Since then, Zumthor's Kunsthaus in Bregenz, Austria, Kolumba Art Museum, Cologne and Bruder Klaus Field Chapel, on a farm near Wachendorf, Germany have added greatly to his reputation. He won the Pritzker prize for architecture in 2009.

Zumthor's Serpentine pavilion, designed in cooperation with the engineers, Arup, will operate as a public space and as a venue for Park Nights, the gallery's high-profile programme of public talks and events.

Julia Peyton-Jones, director of the Serpentine Gallery, said: "It is an honour and a great joy to be working with Peter Zumthor on the 11th Serpentine Gallery pavilion. The commission allows us to connect with the best architects in the world and each year is an exciting and completely new experience. Zumthor's plans will realise an exquisite space for the public to enjoy throughout the summer." © Guardian News & Media Limited 2011 | Use of this content is subject to our Terms & Conditions | More Feeds

July 28 2010

Top of the pots

Industrial design student Natalie King has drafted a pot that glows and shakes when the plant needs attention

A student has invented what might be the world's cleverest plant pot: a container that lights up and vibrates when the plant needs attention.

Natalie King's "Tulipe" pot glows red whenever the plant is in danger of getting too hot, cold, dry or is positioned in a place that is too dark or too light.

King, 22, designed the pot to help people such as her partially sighted grandfather continue to produce healthy plants. But it may also be a useful reminder for gardeners who are not very diligent when it comes to looking after plants.

The pot contains sensors in the base, which detect levels of moisture, temperature and light. If they fall below or above the optimum levels, the base will change from green to red, vibrating when it is picked up for extra impact.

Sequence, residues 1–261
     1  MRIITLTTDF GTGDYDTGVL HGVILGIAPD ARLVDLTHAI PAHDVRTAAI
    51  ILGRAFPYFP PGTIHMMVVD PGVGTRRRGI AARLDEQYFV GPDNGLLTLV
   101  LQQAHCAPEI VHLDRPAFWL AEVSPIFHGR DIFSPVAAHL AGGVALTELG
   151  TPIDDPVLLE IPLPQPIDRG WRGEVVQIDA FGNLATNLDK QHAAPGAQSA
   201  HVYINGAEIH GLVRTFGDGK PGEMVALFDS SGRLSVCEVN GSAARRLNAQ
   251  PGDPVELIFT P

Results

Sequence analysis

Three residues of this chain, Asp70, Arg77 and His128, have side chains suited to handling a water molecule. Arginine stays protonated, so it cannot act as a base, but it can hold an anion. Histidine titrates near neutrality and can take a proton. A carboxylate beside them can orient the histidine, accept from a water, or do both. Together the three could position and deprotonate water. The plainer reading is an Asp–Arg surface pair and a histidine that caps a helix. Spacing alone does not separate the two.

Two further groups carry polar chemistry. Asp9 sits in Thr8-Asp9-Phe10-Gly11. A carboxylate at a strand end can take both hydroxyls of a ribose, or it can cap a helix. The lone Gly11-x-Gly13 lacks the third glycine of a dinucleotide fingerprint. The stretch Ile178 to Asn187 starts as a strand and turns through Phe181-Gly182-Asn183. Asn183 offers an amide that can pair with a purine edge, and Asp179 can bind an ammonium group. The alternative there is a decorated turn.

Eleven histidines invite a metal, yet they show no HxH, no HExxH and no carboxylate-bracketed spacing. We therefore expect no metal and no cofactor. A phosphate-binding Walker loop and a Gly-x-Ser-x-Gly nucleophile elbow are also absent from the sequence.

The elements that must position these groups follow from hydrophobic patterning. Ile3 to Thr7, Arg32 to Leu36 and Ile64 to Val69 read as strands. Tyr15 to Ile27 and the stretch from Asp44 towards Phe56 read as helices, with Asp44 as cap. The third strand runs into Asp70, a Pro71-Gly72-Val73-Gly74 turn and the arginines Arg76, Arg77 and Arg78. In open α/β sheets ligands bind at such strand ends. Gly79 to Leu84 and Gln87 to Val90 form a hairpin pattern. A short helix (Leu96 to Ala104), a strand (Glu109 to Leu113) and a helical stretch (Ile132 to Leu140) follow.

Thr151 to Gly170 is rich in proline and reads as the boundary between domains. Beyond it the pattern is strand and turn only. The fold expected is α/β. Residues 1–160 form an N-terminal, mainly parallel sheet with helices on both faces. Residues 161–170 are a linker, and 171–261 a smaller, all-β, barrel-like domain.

King, from Callington, Cornwall, is looking for investors to mass-produce, market and sell her product.

She said: "My grandfather had always been a keen gardener but he suffers from something called age-related macular degeneration, which reduces his vision."

She decided to dedicate her final year project at Brunel University in Uxbridge, Middlesex, to designing a clever pot.

"I hope it will help people who would otherwise struggle to see the plants in detail and tell what they need," she said.

"It could also be useful for people who want to give gardening a try but are scared of killing their plants. Hopefully this will make things simple.

"Most importantly, my granddad thinks it's a great idea. He's very proud."

The pot helped King graduate from her industrial design course with a first-class honours degree. She is now working as a designer with Chanel in London. © Guardian News & Media Limited 2010 | Use of this content is subject to our Terms & Conditions | More Feeds

June 12 2010

Chiswick House

A grand Palladian villa is reborn in west London, while at the V&A, a Japanese master is celebrating altogether humbler dwellings

This week, I present to you a whitish building, mostly rectangular, made with large pieces of glass and some nice stone. This may not seem very exciting, especially as works of this description have been the default setting of tasteful British architecture for 20 years. The recent shortlist for designing the relocated Design Museum was made up of purveyors of whitish rectangularity and nice stone, including the winner of the commission, John Pawson. If Inuit are said to have 26 different words for snow, an architecture critic sometimes needs 26 words for off-white.